It is not clear from Davis, however, whether Wheeler still is the law in Louisiana. The Davis court merely stated, "we are cognizant of the equitable lien theory enunciated in Wheeler," but then went on to resolve the issue before it (penalties and attorney's fees) on the basis of La.R.S. 22:658. Id. No recent cases cited by the district court or by the parties refer to Wheeler. Of course, the general law in Louisiana is that where an insurance policy is taken out by a mortgagor for the benefit of a mortgagee, the mortgagee is entitled to the proceeds of the policy to the extent of the mortgage debt due at the time of loss. Durbin v. Allstate Insurance Co., 267 So.2d 779, 781 (La.App. 1972); Adams v. Allen, 19 So.2d 578, 580 (La.App. 1944). Particularly applicable to the case before us are the recent Louisiana cases holding that this principle of law is properly applied where the mortgagee is unnamed in the policy. The legal theory in these cases is that an equitable reformation of the insurance contract for the benefit of a previously unnamed mortgagee is justified in order to prevent unjust enrichment. Leon A. Minsky, Inc. v. Providence Fashions, Inc., 404 So.2d 1275, 1278-79 (La.App.), writ denied, 407 So.2d 731 (La. 1981); Taylor v. Audubon Insurance Co., 357 So.2d 912, 914-15 (La.App.), writ denied, 359 So.2d 1307 (La. 1978); Diaz v. Cherokee Insurance Co., 275 So.2d 922, 924-25 (La.App. 1973).

The only case cited in the briefs and the record in support of the equitable lien theory is Hartford Fire Insurance Co. v. Landreneau, 19 La.App. 280, 140 So. 52, 54-55 (1932). Wheeler and the equitable lien theory are also mentioned in dicta in Smith v. United Fire Insurance Co., 303 So.2d 286, 289 (La.App. 1973), writ denied, 303 So.2d 749 (La. 1974).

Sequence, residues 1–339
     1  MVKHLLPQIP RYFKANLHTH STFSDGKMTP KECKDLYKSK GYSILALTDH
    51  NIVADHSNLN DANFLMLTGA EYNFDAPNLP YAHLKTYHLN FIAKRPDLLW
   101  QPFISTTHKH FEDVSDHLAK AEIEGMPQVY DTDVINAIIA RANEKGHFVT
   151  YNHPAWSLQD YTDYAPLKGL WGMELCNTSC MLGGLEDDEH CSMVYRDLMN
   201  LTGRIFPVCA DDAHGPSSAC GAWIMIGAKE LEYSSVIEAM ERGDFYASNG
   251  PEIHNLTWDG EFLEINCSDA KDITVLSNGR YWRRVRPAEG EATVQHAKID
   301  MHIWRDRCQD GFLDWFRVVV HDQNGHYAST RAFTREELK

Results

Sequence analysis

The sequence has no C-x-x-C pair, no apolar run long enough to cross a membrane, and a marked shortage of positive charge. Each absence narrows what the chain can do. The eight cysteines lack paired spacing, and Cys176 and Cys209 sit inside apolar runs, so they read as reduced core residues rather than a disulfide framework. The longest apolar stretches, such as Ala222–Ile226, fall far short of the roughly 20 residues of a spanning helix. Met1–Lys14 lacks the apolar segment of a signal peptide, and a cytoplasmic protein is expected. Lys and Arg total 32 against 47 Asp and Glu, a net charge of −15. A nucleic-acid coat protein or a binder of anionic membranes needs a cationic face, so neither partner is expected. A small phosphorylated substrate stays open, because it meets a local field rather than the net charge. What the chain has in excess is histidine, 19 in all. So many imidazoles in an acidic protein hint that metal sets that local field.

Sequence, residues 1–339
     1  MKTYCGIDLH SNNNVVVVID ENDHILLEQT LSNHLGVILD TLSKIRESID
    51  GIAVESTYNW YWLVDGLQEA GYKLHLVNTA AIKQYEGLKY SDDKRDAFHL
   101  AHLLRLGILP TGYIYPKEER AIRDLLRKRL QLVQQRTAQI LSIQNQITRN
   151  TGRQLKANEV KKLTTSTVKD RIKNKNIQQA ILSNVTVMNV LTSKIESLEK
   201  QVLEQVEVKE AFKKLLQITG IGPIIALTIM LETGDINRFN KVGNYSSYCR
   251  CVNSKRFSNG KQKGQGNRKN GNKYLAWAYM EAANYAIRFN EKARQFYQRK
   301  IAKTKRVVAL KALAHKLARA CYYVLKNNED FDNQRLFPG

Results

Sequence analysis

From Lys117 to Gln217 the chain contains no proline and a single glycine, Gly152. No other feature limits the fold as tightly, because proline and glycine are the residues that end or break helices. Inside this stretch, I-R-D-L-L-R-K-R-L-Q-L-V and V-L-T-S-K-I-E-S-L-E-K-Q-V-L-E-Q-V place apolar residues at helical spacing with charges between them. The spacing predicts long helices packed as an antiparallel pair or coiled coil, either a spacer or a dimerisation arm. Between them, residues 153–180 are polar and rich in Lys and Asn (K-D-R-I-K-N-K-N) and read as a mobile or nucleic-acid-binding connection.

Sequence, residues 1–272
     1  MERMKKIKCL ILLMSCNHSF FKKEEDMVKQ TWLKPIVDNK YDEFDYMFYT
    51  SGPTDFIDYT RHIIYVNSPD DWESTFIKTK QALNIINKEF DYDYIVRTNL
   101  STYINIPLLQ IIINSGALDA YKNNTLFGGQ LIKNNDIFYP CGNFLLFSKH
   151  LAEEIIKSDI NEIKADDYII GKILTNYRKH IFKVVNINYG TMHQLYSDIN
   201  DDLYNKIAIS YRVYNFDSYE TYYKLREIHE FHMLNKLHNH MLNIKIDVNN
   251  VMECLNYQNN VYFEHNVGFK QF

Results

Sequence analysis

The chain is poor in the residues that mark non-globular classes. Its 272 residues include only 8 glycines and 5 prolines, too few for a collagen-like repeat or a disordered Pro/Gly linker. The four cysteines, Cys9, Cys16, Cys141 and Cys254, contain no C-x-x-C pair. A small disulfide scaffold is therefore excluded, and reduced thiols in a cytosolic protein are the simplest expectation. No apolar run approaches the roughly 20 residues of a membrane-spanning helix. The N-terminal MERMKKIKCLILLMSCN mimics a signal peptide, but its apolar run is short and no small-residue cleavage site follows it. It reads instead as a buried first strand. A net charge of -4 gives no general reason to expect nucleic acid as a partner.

Under Louisiana jurisprudence, reformation is an equitable remedy whereby a court may reform a contract so as to reflect the intentions of the parties. An insurance policy may be reformed where, because of error or mistake, the policy does not conform to the original intention of the parties. Pacific Insurance Co. v. Quarles Drilling Corp., 850 F.2d 1087, 1088-89 (5th Cir. 1988). Clearly, the Louisiana doctrine of equitable reformation articulated in Minsky, Taylor, and Diaz is applicable to prevent unjust enrichment in the present case. Appellants had agreed to maintain insurance on their home for the benefit of FmHA as a condition for receiving crop insurance loans worth substantially more than the value of their home. It must be assumed that the debtors intended to carry out their legally contracted obligation. Minsky, 404 So.2d at 1278. They cannot now claim the proceeds of that insurance for themselves on the basis of their own failure to name FmHA as mortgagee or loss payee in their policy.